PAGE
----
Having first made friends with ex-pats, he soon began attending Discotheques for Sexual Minorities – a series of club nights that changed location regularly, to avoid becoming a target.
“Like it’s described in the book, it was a bit like a school disco,” Gould recalls, “in a canteen with all the tables pushed to the side. You knew everyone, because there was nowhere else [for gay men] to go.
“No one was particularly bothered by being cool. It was just like: here’s somewhere to dance and maybe have a snog. But there was also danger.”
In the book, danger is constant. There’s a violent attack on one of the discotheque nights – which propels the central mystery – as well as violence lurking in cruising spots, at the hands of the police and during sex work. Being gay may have been legalised, but the systematic hunting of queer men wasn’t exactly cracked down upon.
Gould, who today lives in Brighton with his husband, and works as a sub-editor for the Financial Times, was luckier than his characters. He heard about attacks, and had a few lucky escapes, but wasn’t subjected to the kind of violence that befalls some in his book.
There was an incident in 1992, when a gang was waiting outside a party, and he “nearly got beaten up”. Another time, he was out with a Russian boyfriend, and accompanied him to smoke outside.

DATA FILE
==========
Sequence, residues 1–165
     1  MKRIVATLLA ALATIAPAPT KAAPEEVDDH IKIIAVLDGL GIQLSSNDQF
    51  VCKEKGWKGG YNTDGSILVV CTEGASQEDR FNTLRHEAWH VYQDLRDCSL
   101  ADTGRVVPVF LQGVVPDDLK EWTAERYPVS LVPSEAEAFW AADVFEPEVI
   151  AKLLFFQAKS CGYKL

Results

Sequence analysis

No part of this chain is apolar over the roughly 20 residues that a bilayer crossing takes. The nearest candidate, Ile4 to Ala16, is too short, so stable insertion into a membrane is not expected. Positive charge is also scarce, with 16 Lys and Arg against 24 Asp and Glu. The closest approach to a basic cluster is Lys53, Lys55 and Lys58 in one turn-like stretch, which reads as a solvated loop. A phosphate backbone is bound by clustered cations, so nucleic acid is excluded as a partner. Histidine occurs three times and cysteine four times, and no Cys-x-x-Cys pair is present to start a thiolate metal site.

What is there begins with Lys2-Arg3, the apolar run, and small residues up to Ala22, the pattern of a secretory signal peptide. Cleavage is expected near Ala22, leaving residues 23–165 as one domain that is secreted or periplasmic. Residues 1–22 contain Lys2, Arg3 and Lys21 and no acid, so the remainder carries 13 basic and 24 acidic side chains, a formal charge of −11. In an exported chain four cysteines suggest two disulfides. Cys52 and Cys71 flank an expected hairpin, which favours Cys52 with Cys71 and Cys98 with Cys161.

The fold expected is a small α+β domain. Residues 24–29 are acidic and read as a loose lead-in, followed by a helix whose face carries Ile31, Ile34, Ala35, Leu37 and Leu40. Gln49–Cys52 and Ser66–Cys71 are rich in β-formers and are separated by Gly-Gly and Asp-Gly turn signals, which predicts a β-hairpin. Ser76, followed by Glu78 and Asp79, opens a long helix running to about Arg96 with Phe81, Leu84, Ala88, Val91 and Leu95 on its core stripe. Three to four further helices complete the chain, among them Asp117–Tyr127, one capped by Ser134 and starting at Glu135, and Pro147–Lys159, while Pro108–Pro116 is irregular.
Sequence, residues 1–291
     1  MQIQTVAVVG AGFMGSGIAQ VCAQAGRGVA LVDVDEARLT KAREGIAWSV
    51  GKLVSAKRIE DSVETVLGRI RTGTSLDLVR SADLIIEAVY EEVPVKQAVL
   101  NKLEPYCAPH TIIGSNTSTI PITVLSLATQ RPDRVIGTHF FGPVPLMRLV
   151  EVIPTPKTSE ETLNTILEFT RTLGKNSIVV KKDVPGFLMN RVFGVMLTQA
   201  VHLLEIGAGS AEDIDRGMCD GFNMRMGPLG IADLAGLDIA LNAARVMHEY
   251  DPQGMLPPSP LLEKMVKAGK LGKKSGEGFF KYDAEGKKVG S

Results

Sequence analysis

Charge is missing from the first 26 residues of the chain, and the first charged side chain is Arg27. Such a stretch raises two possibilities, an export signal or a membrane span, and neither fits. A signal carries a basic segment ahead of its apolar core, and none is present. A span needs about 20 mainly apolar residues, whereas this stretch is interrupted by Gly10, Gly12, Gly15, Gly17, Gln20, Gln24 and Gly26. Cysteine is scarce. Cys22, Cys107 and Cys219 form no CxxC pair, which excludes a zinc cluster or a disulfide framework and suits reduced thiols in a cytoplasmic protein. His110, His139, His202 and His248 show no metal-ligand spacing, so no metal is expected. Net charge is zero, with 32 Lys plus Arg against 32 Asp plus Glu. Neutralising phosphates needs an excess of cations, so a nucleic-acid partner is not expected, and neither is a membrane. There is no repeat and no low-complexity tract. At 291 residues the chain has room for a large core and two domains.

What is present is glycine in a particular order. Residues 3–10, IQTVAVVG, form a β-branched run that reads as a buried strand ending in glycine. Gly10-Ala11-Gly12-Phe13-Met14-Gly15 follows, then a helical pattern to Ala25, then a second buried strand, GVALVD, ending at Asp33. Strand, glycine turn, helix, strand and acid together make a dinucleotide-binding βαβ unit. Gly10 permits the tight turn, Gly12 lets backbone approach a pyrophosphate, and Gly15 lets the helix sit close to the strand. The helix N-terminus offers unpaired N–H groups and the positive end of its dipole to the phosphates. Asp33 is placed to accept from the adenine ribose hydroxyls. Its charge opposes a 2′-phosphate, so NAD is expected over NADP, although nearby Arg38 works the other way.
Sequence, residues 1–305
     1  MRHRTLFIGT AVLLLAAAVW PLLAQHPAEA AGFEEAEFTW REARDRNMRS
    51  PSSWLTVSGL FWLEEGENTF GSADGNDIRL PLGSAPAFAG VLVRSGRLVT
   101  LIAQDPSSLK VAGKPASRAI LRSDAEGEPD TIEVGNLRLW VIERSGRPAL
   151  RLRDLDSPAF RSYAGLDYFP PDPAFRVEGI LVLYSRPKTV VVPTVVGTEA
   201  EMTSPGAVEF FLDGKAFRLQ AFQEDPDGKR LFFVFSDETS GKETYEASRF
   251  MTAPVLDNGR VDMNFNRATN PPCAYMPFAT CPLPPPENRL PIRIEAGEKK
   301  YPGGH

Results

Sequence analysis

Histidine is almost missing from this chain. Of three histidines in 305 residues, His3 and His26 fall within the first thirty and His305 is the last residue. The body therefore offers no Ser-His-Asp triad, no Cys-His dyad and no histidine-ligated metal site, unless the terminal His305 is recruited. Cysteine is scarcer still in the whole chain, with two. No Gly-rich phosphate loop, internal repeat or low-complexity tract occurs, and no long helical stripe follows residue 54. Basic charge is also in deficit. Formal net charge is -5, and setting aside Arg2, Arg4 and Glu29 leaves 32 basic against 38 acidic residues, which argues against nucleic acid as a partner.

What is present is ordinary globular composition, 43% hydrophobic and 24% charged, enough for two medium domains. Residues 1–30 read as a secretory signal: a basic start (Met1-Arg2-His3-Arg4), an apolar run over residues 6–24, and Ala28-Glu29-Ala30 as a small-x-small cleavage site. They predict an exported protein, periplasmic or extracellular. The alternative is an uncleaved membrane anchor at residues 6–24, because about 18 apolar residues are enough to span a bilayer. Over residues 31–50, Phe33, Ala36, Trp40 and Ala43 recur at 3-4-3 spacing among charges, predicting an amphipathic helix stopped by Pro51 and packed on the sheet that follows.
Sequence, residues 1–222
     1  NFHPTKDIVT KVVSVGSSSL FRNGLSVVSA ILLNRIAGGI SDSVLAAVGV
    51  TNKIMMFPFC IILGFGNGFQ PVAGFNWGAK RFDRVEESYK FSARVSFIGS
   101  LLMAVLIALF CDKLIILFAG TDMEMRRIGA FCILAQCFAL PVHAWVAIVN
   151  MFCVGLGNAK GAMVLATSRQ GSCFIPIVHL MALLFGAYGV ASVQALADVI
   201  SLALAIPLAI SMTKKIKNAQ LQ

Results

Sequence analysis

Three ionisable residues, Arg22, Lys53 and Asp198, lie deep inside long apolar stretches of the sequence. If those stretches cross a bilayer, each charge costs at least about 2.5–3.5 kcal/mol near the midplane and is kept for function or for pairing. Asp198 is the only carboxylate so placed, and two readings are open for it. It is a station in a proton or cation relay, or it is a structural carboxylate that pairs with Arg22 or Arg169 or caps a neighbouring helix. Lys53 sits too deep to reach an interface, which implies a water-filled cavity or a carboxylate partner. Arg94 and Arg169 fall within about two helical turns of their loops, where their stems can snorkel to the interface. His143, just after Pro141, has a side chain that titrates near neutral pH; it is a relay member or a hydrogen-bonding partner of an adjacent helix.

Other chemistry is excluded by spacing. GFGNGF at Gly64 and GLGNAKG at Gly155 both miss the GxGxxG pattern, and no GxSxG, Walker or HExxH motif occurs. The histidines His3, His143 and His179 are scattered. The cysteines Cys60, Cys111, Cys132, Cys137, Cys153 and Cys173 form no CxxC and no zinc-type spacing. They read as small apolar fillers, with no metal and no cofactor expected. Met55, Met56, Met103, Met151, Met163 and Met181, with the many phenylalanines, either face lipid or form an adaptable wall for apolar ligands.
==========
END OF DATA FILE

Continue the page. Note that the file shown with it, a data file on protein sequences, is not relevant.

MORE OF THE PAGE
“Some lads came up to us and I remember hearing this whoosh right next to me, which might have been a baseball bat or something,” he says. “I just got out of the way in time.
“It’s quite a racist society too,” Gould adds. “Once I got on an overnight train and two soldiers walked past me and pushed me against the window. These are guys you don’t mess with, there was nothing I could do about it.”
Gould says it might not have been racism – he’s light-skinned, and knows darker-skinned Black people, African students in particular, had it far worse. Overall, he doesn’t seem too hung up on the violence of the time. More than anything, he’s clearly frustrated by what could have been.
“I, like a lot of journalists and a lot of people observing Russia, felt everything was moving in this positive direction,” he says. “Around 1997 there was even talk of Russia joining NATO or the European Union eventually. From a 2023 perspective, those hopes are in ruins. I deeply despair for Russia.”